Bronx, New York
Diagnosed with Hep C in 2011
The following is an excerpt from the Hep Summer 2014 cover story:
Some may say women living with hepatitis C are luckier than men with the liver disease. After all, studies show women are more likely than men to clear severe hepatitis C infection without undergoing treatment, and they’re less likely than men to develop hepatocellular carcinoma, a common liver cancer. What’s more, in women, hep C progresses more slowly to cirrhosis, a heavy buildup of scar tissue on the liver.
Meanwhile, in the Bronx, New York, Elizabeth Owens is not feeling so lucky. In reality, her gender is currently working against her health. Now age 54, Owens is in the midst of menopause, and for women living with the hepatitis C virus (HCV), that’s precisely when the liver disease is more likely to progress to fibrosis, which is the first stage of liver scarring.
As an older woman, Owens also falls into the female age group of those who are less responsive to the meds interferon and ribavirin, two elements of traditional hep C treatment (more on this in a moment). Indeed, Owens says she distrusts these drugs because they failed to help several of her friends living with hep C. “I watched and saw that these medicines weren’t helping them at all,” Owens says. “I’ve buried seven people. I went to their services, and I was with them until the bitter end.”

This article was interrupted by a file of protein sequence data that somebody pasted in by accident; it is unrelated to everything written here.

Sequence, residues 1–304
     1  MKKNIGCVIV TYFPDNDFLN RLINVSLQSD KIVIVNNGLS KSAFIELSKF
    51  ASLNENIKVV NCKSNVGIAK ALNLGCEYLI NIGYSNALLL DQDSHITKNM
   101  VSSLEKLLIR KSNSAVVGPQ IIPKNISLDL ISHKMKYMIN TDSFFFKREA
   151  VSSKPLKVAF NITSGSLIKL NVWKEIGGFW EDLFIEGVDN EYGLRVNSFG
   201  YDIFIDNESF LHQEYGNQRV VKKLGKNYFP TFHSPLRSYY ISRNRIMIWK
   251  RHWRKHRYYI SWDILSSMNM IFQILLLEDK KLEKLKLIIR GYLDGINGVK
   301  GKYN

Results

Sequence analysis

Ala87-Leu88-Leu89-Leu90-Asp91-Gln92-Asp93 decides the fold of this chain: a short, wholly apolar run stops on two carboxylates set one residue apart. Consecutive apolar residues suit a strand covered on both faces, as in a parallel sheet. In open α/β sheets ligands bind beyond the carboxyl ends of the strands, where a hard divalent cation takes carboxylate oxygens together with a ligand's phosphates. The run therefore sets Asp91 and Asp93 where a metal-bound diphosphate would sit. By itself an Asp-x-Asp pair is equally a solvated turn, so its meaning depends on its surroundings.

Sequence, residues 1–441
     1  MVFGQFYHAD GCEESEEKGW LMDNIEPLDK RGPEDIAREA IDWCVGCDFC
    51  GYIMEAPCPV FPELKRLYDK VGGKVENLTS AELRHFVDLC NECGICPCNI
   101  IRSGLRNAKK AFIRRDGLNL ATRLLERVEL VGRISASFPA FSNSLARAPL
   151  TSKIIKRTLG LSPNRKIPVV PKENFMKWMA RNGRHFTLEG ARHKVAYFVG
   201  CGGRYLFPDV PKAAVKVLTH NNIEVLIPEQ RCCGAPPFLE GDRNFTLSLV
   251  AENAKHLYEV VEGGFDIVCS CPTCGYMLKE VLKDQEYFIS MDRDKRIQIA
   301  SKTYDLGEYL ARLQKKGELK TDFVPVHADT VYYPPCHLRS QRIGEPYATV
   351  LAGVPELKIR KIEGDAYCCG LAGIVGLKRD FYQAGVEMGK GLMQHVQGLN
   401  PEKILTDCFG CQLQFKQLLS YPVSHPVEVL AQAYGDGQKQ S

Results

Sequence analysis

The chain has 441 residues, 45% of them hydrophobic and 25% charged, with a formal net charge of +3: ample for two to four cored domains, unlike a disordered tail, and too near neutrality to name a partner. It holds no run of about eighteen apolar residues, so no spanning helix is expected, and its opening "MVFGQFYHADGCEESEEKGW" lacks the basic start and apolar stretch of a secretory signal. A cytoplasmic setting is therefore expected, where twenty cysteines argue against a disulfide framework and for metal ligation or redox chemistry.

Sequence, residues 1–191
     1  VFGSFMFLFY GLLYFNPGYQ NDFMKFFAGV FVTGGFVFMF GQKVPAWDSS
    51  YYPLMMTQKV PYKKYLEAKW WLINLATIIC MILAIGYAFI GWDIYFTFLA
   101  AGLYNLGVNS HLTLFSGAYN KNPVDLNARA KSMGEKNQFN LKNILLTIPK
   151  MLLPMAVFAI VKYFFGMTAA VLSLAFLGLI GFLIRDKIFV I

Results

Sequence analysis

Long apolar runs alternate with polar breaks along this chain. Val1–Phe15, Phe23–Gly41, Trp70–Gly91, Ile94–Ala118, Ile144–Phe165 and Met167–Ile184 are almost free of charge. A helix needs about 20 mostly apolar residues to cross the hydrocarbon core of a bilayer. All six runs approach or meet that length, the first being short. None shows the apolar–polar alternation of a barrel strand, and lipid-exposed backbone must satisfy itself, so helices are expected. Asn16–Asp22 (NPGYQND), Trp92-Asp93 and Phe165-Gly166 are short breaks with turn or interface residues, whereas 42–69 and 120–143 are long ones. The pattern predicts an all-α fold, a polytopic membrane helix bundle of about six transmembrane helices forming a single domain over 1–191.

Thankfully, Owens’s observations are increasingly a thing of the past. Newer treatments—including Sovaldi (sofosbuvir) and Olysio (simeprevir)—boast cure rates over 90 percent, and they rely less on ribavirin and interferon, which is notorious for its flu-like symptoms. And even newer meds and combos are in the treatment pipeline.
As an organizer at VOCAL-NY’s GROW (Grassroots Organizing to Win), Owens advocates on behalf of people who often don’t feel they have a voice. “I like to say I give people back their life and I let them know that they do have a right to say something,” she says. “My payment is when somebody comes up and hugs me and says, ‘Yo, I didn’t know that I could go up there and sit in a congressman’s office or an assemblyman’s office and they’d listen to me tell them what’s going on in the neighborhood.’”
As an activist and organizer, Owens is boldly outspoken. The same holds true in her personal life; she doesn’t hesitate to ask medical practitioners questions about hep C and her health. “When I go to the doctor with my book of notes to ask some questions,” she says, “I feel like the nurse or doctor should be equipped to reply back to me, not say, ‘Well, we’ll find out the next time you visit.’”
Click here to read the complete story.